After decades on the rise, obesity rates have for the second year in a row showed signs of leveling off, a new report finds.

Even so, the condition is still at epidemic proportions, with more than a third of Americans considered obese, according to the State of Obesity report released Thursday by the Robert Wood Johnson Foundation and the Trust for America’s Health that analyzed figures from the Centers for Disease Control and Prevention. The burden remains highest among women, the less-educated and lower-income.

Only one state—Kansas—saw its obesity rate drop between 2015 and 2016, while obesity rates rose in Colorado, Minnesota, Washington and West Virginia. The state with the highest obesity rate was West Virginia at 37.7 percent, followed by Mississippi at 37.3 percent and Alabama and Arkansas, which tied for third at 35.7 percent. Colorado had the lowest rate at 22.3 percent.

By comparison, in 1985, no state reported an obesity rate higher than 15 percent, the report said.

“In our review of the policies and strategies, we found that many [states] show a lot of promise for reversing the trends and improving health—if we make them a higher priority,” said John Auerbach, president and chief executive of the Trust for America’s Health.

To combat obesity, states must continue to support policies that help Americans live healthier lives, said Donald F. Schwarz, M.D., of the Robert Wood Johnson Foundation. Such policies include funding programs that entice grocery stores to open in food deserts, spruce up community parks, and offer public school students healthier food options.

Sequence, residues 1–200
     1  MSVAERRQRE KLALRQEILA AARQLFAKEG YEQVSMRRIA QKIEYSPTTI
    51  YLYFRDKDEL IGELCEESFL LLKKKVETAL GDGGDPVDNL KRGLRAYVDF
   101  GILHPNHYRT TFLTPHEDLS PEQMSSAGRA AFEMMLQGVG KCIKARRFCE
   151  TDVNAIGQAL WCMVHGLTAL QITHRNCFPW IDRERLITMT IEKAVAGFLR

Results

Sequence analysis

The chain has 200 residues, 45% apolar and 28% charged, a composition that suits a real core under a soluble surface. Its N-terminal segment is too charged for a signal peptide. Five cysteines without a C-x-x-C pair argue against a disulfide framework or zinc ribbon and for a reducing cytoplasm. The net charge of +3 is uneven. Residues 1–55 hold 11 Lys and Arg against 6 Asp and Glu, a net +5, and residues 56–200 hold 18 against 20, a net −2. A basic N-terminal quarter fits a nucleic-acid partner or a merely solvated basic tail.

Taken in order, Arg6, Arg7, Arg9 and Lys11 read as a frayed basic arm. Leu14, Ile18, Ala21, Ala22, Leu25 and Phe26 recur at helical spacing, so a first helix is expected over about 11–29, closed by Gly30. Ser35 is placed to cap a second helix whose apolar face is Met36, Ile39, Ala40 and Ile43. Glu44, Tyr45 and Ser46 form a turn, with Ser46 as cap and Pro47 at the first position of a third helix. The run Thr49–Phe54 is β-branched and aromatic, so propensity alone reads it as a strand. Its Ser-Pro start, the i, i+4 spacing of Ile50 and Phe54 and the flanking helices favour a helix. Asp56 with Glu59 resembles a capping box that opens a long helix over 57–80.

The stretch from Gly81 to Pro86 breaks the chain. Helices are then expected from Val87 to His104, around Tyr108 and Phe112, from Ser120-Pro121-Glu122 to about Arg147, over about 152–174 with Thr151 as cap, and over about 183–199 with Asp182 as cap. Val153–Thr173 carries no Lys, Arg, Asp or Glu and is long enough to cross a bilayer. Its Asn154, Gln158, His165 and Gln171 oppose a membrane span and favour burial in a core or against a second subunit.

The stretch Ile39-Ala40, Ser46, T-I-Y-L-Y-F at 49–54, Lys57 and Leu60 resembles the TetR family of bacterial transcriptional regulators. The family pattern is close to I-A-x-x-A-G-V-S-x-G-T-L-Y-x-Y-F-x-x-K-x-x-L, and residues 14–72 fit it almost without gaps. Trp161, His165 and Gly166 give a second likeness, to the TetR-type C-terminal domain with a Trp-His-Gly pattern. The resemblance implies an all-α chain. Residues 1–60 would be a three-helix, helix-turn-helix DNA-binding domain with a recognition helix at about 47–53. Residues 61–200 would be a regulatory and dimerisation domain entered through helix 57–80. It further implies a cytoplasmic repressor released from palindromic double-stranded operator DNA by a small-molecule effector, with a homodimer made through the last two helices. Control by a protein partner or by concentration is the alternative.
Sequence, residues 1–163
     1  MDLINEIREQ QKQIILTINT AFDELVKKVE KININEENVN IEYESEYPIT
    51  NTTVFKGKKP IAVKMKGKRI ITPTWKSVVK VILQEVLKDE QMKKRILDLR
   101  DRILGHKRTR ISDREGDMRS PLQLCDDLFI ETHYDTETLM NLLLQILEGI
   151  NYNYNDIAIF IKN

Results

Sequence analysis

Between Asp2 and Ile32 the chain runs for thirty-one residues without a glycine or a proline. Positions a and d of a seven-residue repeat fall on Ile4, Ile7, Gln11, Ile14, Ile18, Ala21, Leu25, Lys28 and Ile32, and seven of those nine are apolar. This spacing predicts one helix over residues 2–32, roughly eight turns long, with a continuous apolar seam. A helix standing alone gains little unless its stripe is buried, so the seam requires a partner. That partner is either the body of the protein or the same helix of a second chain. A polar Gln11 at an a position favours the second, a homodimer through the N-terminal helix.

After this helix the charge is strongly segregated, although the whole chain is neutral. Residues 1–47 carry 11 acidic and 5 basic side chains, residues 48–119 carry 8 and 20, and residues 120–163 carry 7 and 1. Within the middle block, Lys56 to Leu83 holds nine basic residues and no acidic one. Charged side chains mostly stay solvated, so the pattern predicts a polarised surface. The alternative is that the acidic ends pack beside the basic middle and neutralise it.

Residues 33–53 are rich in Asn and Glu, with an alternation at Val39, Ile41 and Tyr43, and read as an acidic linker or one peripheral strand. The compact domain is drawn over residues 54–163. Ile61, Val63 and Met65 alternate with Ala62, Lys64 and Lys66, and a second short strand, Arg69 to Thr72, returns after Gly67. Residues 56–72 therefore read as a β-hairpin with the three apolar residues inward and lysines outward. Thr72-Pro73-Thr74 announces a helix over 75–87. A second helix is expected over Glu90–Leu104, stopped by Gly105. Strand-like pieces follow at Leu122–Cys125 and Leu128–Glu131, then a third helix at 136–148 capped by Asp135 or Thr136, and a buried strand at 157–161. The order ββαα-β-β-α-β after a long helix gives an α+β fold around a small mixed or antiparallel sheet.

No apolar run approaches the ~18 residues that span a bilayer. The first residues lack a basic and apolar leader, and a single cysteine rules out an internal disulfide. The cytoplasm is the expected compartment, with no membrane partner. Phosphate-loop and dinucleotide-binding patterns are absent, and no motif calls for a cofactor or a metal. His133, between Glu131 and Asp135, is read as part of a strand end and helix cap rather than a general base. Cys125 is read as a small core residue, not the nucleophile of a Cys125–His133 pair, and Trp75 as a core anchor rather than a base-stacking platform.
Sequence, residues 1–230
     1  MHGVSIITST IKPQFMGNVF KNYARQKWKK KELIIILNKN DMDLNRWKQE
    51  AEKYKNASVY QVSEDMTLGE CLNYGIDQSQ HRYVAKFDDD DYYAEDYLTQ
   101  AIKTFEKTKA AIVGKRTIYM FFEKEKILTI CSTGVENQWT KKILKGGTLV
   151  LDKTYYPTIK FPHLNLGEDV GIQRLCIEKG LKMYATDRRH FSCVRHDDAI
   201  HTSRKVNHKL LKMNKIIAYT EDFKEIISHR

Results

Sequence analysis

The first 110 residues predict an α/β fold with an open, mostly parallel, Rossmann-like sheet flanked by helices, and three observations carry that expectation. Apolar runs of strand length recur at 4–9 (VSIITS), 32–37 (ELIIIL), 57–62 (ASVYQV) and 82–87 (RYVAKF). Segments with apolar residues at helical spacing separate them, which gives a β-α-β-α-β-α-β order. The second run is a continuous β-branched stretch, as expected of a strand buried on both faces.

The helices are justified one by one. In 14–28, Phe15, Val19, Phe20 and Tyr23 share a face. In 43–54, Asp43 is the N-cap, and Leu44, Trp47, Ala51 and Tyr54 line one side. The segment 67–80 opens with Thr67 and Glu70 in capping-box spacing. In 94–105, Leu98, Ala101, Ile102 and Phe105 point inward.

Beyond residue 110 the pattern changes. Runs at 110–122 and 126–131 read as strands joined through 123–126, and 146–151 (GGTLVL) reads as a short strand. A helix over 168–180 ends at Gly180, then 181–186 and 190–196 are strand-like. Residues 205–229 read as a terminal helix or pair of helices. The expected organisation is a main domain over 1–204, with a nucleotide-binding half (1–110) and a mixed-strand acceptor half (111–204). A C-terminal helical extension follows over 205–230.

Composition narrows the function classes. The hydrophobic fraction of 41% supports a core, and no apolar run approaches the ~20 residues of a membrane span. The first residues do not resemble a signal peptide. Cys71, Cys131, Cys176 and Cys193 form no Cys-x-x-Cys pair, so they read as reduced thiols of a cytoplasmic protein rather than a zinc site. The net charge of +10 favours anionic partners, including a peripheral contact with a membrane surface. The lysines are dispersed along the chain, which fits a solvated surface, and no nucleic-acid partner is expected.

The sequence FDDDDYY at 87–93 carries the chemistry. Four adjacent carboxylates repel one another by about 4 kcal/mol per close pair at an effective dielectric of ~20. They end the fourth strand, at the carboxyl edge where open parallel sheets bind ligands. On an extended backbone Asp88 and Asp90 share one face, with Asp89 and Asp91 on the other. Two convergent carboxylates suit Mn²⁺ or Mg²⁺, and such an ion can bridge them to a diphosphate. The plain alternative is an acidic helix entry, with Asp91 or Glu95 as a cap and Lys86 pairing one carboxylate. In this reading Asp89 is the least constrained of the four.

“We can’t afford to move backward,” Schwarz said.

Adult obesity rates by state for 2016 (Source: State of Obesity: Better Policies for a Healthier America)

Adult obesity rates by state for 2016 (Source: State of Obesity: Better Policies for a Healthier America)

Obesity is a risk factor for heart disease and stroke, the nation’s No. 1 and No. 5 killers. The condition is also associated with high blood pressure, diabetes, high cholesterol and other health problems.

Considering the sharp increases seen in the past for obesity rates, “this counts as a significant achievement,” American Heart Association CEO Nancy Brown said in a statement. “But with rates still far too high among both adults and kids, particularly among low-income and minority communities, leaders at all levels of government—local, state and federal—must take action and build on this progress.”

Among adults, the new report shows 48 percent of blacks and about 43 percent of Hispanics are obese, compared with 36 percent of whites.

But a longtime obesity researcher said interpreting those data requires the appropriate context.

Researchers and doctors have known for years about the differences in obesity rates among ethnic and racial groups, “but if we scratch the surface a little bit, what we actually see is a strong relationship between obesity and socioeconomic status,” said David B. Sarwer, Ph.D., associate dean for research and director of the Center for Obesity Research and Education at Temple University in Philadelphia.

Findings from the report also show obesity rates in children and adolescents have been stable during the past decade at about 17 percent. But children are becoming obese at an earlier age.